July 22, 2008
Michael P. Collins
If you’re like most pilots, you’ve spent at least a little time in a Frasca simulator. Its manufacturer, Frasca International, marked its fiftieth anniversary this month by inviting more than 600 people to a celebration at its Urbana, Ill., facility.
Rudy Frasca, 77, an aviation icon, founded the company in 1958. His first product allowed the venerable Link trainer to be used for teaching VOR and ADF navigation. Frasca constructed his earliest simulators out of wood in the garage behind his home. While Frasca still visits the office daily, Vice President John Frasca and other children of Rudy and Lucille Frasca manage day-to-day operations.
The company’s products have continually evolved, taking advantage of changes in technology—whether in visuals, control feedback, or other areas. “We look at the sims to see what’s lacking, and address that opportunity,” John Frasca explains. What will appear next in the company’s products? “Right now the significant thing is ATC communication.” The company is working to develop automated air traffic control communication, including voice recognition.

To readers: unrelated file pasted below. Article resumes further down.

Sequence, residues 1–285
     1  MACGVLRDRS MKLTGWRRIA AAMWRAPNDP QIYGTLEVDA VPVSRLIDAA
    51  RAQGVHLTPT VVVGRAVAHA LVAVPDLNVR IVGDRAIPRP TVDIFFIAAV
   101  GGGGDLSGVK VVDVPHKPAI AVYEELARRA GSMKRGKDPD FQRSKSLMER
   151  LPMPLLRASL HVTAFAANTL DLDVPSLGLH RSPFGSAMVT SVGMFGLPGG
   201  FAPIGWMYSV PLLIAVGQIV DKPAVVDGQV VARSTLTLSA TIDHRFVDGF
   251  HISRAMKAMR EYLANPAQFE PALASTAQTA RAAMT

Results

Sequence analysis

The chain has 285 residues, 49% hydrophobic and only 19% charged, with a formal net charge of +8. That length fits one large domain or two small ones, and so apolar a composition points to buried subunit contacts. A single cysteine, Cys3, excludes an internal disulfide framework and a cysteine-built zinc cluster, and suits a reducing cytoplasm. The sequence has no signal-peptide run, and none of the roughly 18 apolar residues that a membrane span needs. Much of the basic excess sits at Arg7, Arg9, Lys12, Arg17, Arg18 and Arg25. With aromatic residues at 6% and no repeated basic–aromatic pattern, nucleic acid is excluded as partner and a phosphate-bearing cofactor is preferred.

Aviation colleges, traditionally a strong market for Frasca, continue to be a major market segment to the company. Other customers include flight academies, FBOs, and corporate clients, as well as the U.S. military. Helicopter simulations have accounted for a significant portion of the company’s recent business. Cessna Caravan and other turboprop simulators have been popular. Many incorporate Frasca’s TruVision, a 220-degree wraparound visual display.
The Frasca Air Museum, located on Frasca Field near Frasca’s headquarters and factory, includes displays that showcase the evolution of flight simulation, including one of Frasca’s first simulators as well as a Link Trainer. The museum also has an impressive collection of operable military aircraft, primarily from the World War II era.
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AOPA thanks our members for their continued support in protecting the freedom to fly.